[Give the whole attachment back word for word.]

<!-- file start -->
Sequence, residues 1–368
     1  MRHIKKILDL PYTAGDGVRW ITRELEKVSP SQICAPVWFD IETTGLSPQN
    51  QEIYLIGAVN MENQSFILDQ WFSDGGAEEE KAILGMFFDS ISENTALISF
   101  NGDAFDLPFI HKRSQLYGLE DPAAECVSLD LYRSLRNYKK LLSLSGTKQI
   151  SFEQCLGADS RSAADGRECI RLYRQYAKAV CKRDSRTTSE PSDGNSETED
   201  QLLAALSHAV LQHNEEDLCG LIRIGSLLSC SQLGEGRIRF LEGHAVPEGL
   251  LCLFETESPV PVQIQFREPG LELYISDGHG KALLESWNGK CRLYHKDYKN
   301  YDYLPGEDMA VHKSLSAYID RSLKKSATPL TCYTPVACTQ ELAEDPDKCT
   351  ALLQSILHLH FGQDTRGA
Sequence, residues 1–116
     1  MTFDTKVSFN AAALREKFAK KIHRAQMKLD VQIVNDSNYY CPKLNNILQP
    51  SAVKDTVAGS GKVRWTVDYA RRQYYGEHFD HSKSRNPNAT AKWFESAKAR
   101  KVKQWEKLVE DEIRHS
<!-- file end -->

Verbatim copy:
Sequence, residues 1–368
     1  MRHIKKILDL PYTAGDGVRW ITRELEKVSP SQICAPVWFD IETTGLSPQN
    51  QEIYLIGAVN MENQSFILDQ WFSDGGAEEE KAILGMFFDS ISENTALISF
   101  NGDAFDLPFI HKRSQLYGLE DPAAECVSLD LYRSLRNYKK LLSLSGTKQI
   151  SFEQCLGADS RSAADGRECI RLYRQYAKAV CKRDSRTTSE PSDGNSETED
   201  QLLAALSHAV LQHNEEDLCG LIRIGSLLSC SQLGEGRIRF LEGHAVPEGL
   251  LCLFETESPV PVQIQFREPG LELYISDGHG KALLESWNGK CRLYHKDYKN
   301  YDYLPGEDMA VHKSLSAYID RSLKKSATPL TCYTPVACTQ ELAEDPDKCT
   351  ALLQSILHLH FGQDTRGA
Sequence, residues 1–116
     1  MTFDTKVSFN AAALREKFAK KIHRAQMKLD VQIVNDSNYY CPKLNNILQP
    51  SAVKDTVAGS GKVRWTVDYA RRQYYGEHFD HSKSRNPNAT AKWFESAKAR
   101  KVKQWEKLVE DEIRHS